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St. Pete Beach tackles ordinance on development

(ran BEACH edition)

The City Commission today will discuss a new ordinance that would provide more control over future development.

The ordinance, an overhaul of St. Pete Beach's land development regulations, includes a city staff proposal on grandfathering, which is of particular interest to residents in the Pass-a-Grille neighborhood. There, a letter-writing campaign generated more than 120 letters urging the city to give "vested rights" to existing properties that do not conform to current building laws.

Pass-a-Grille residents have been eager to see the city grandfather their properties for several years because current restrictions, at the city, state and federal level, could prohibit homes and businesses from being reconstructed if they were destroyed in a hurricane.

The commission workshop will take place at 4 p.m. today at St. Pete Beach City Hall, 7701 Boca Ciega Drive. A second workshop on the same ordinance will be held at 4 p.m. July 31 at City Hall.

The public is welcome at the meetings, but public comment will not be taken until the ordinance reaches a public hearing.



The Community Players will present their One Act Play Festival this weekend at the Catherine A. Hickman Theater of Gulfport.

The show includes nine plays from writers such as Tennessee Williams, Renee Taylor and Joseph Bologna, along with original works of local writers. The show, which includes dramas and comedies, will last about two hours.

Shows will be at 8 p.m. Friday and Saturday and 2:30 p.m. for the matinee performance Sunday. The lobby will open one hour prior to the shows, with seating beginning 30 minutes before the shows. The theater is at 5501 27th Ave. S.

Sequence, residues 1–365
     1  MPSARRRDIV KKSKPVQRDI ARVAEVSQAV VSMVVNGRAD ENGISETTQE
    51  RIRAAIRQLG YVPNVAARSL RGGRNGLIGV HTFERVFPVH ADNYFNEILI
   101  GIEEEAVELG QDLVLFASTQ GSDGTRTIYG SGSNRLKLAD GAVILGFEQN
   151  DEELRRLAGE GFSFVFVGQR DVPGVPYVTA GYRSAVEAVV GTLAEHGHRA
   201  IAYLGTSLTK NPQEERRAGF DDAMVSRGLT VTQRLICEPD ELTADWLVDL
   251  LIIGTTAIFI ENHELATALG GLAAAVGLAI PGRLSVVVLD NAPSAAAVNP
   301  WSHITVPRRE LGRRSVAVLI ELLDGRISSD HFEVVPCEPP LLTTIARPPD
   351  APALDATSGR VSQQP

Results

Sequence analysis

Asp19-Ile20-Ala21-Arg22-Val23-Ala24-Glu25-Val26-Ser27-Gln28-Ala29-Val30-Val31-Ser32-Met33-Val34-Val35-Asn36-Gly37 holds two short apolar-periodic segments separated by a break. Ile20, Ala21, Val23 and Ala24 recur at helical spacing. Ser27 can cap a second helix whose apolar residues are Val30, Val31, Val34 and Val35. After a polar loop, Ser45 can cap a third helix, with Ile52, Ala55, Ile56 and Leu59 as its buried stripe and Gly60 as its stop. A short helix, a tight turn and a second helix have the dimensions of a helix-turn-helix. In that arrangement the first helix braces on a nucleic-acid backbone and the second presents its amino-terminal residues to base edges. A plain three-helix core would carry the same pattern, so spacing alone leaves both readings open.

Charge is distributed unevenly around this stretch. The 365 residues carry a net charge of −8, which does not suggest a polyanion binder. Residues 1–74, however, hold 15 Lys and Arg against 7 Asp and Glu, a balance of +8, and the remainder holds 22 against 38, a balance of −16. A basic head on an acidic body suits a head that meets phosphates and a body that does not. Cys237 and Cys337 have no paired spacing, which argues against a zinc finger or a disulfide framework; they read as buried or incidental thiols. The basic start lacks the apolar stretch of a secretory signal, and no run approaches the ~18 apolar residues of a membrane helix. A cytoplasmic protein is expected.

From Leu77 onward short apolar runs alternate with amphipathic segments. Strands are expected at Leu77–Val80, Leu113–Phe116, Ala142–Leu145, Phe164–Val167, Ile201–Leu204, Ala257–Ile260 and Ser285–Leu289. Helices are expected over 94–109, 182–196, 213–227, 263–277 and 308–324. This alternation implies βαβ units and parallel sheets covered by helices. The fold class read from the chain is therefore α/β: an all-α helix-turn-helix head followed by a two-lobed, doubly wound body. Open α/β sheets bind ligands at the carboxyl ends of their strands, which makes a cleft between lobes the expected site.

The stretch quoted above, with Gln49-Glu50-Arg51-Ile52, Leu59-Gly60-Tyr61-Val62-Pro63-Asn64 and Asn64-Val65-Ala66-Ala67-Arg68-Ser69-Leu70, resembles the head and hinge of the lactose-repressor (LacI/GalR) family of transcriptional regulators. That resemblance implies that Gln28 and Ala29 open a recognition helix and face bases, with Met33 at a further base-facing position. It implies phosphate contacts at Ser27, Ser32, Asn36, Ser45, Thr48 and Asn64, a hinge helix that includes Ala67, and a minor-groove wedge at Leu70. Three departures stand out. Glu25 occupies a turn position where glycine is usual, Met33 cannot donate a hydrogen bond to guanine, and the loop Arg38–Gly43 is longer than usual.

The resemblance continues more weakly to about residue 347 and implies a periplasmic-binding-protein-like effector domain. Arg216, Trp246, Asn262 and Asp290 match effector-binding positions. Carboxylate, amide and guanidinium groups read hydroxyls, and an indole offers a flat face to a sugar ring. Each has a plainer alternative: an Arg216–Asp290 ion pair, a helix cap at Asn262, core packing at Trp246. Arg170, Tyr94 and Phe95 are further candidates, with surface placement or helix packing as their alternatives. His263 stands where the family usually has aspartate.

Tickets cost $7. They may be purchased at the door or in advance at area retailers Gulfport Beach Bazaar, Eileen's Resale Boutique, Treasurers, Small Adventures or Class Act. For more information, call (727) 893-1070 or e-mail


Treasure Island

Commissioners are considering an increase in property taxes next year to improve the pension and benefit plans for city employees and the quality of their public communications.

In a workshop Tuesday, commissioners discussed the possibility of hiring an information technology coordinator to handle the city's video productions, e-mail and Web site operations as well as computer systems. The position would pay between $33,000 and $47,000, according to a proposal by City Manager Chuck Coward.

The manager developed the job description at the request of commissioners who are considering increasing the city's millage rate even higher than Coward had originally proposed. He did not include the new position in his proposed 2001-2002 budget.

The city's millage rate could increase from 2.2272 to 2.6272 under a resolution approved by commissioners earlier this month. A mill is equivalent to $1 of tax for every $1,000 of assessed property. The owner of a $225,000 home, minus the homestead exemption, would pay about $525 in property taxes.

The final budget, which takes effect Oct. 1, will be adopted in September, following a series of public hearings.


Indian Shores

The city has voted to leave the millage rate unchanged for 2002. With property values rising along the beaches, an unchanged millage rate still will mean higher property taxes.

One mill equals $1 of tax for each $1,000 of assessed real property. The millage rate for Indian Shores is 1.7129. The owner of a $225,000 home, minus the homestead exemption, would pay about $342 in property taxes.


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